NSW can avoid electricity shortages without paying hundreds of millions to keep Eraring open, expert says
New renewable energy and battery projects will provide enough capacity when Australia’s largest coal-fired power station closes, report finds
New South Wales can avoid electricity shortages without paying hundreds of millions of dollars to keep Australia’s biggest coal-fired power plant open after a spurt of renewable energy and battery approvals and weak demand growth, a new report argues.
Analysis of the 2024-30 power sector by the Clean Energy Finance director Tim Buckley found NSW will have enough capacity to cover the exit of the 2,880-megawatt Eraring station now set for closure by owner Origin Energy in August 2025.
“There is no reason why the taxpayer should be on the hook for multiples of hundreds of millions of dollars to keep Eraring open,” Buckley said, adding he had become “materially more confident” after a burst of federal and state moves at the end of 2023 to support more storage and large-scale renewables projects.
The report found NSW was “leading the world in the financing, approval and construction” of new battery storage systems. It cited the 850MW/1,680MW hour Waratah Super Battery now under construction and Origin beginning work on its 700MW/2,800MWh battery at the Eraring site.
AGL also reached a final investment nod last month on its $750m 500MW/1,000MWh battery that it will build on the site of the Liddell power plant that shut last April.
The state’s planning department in December also approved its first windfarm in two-and-a-half years, Engie’s 290MW Hills of Gold project, while Squadron Energy started building its 414MW Uungula windfarm last week.
“There remains a very strong NSW proposed pipeline of projects of some 50GW of firmed renewables, many already in the approval process,” the report said.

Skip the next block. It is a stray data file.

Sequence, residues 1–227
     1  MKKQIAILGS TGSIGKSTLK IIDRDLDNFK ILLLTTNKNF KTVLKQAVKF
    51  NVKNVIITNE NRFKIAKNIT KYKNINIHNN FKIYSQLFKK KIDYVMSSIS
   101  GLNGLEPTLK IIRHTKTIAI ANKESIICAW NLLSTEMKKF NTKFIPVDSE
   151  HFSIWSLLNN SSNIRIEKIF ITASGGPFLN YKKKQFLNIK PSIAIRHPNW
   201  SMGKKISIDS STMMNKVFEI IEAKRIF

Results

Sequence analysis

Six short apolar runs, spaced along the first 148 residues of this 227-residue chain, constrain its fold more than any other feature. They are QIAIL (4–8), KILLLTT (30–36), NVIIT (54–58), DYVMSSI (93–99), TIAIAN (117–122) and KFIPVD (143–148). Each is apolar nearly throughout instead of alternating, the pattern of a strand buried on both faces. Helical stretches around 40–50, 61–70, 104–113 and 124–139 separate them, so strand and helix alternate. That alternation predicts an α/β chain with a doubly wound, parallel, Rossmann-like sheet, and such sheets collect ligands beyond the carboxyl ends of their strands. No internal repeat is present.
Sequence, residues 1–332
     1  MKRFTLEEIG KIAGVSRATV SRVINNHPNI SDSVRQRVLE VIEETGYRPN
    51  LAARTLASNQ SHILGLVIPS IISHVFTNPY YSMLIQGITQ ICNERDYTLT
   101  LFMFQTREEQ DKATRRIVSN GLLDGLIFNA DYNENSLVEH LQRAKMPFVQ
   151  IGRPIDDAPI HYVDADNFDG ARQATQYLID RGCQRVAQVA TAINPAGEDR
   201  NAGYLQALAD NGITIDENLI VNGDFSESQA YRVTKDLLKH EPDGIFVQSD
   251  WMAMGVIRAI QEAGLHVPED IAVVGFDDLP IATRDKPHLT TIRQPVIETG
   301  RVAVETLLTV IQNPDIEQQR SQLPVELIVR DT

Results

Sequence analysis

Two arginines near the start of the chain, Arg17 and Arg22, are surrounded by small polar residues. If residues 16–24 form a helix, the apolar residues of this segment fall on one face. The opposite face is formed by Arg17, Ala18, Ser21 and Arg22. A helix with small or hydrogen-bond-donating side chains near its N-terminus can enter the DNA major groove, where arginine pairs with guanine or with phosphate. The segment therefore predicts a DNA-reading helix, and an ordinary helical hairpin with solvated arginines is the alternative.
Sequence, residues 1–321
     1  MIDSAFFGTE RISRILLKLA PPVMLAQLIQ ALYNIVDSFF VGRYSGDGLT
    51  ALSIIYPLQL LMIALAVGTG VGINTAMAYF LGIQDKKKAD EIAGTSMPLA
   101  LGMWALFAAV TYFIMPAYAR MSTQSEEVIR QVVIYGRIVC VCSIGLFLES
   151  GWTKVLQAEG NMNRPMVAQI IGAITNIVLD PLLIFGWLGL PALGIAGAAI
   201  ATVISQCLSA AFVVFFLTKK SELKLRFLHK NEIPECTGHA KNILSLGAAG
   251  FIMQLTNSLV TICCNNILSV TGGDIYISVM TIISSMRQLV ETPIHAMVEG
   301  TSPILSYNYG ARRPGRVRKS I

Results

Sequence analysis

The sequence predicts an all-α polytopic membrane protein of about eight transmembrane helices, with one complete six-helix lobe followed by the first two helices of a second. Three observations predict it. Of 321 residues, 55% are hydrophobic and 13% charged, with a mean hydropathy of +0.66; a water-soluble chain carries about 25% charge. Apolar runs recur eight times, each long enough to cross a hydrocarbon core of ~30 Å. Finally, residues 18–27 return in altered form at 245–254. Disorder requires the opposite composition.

Methane gas peaking capacity is also on the rise. EnergyAustralia’s 316MW Tallawarra B plant started operations last month and Snowy Hydro’s 660MW gas Hunter Power Project is due for commissioning by year’s end.
NSW’s power grid, though, still faces strains. A one-day heat spike last month combined with the unexpected failure of half of the Mt Piper coal-fired plant prompted the energy minister, Penny Sharpe, to ask consumers to reduce electricity use.
The government said talks with Origin about Eraring – including the possibility of keeping two of its four units on standby beyond August 2025 – were ongoing.
The Cef report noted the Energy Security Target Monitor report, released without fanfare late last year by the Australian Energy Market Operator, also concluded government actions had nullified the risk of reliability gaps emerging post-Eraring.
Two other main trends support the report’s conclusions.
Electricity demand has been growing much slower than forecast, rising just 0.6% in 2023 or well shy of the 2.7% annual expansion assumed by Aemo out to 2030 and beyond.
Rooftop solar and other distributed solar were also likely to increase as the price of photovoltaic panels fell and retail costs of electricity remained high.
Installations of rooftop systems totalled 3.17 gigawatts nationally in 2023, up 14% and just shy of the record 3.23GW in 2021, data from SunWiz showed.
Buckley also predicted a faster rollout of 5MW solar plants with batteries, with one developer alone planning as many as 40 in Victoria and NSW. These could be built rapidly and serve as “solar soakers”, generating and storing low-cost power to be released after the sun goes down and wholesale electricity prices rise.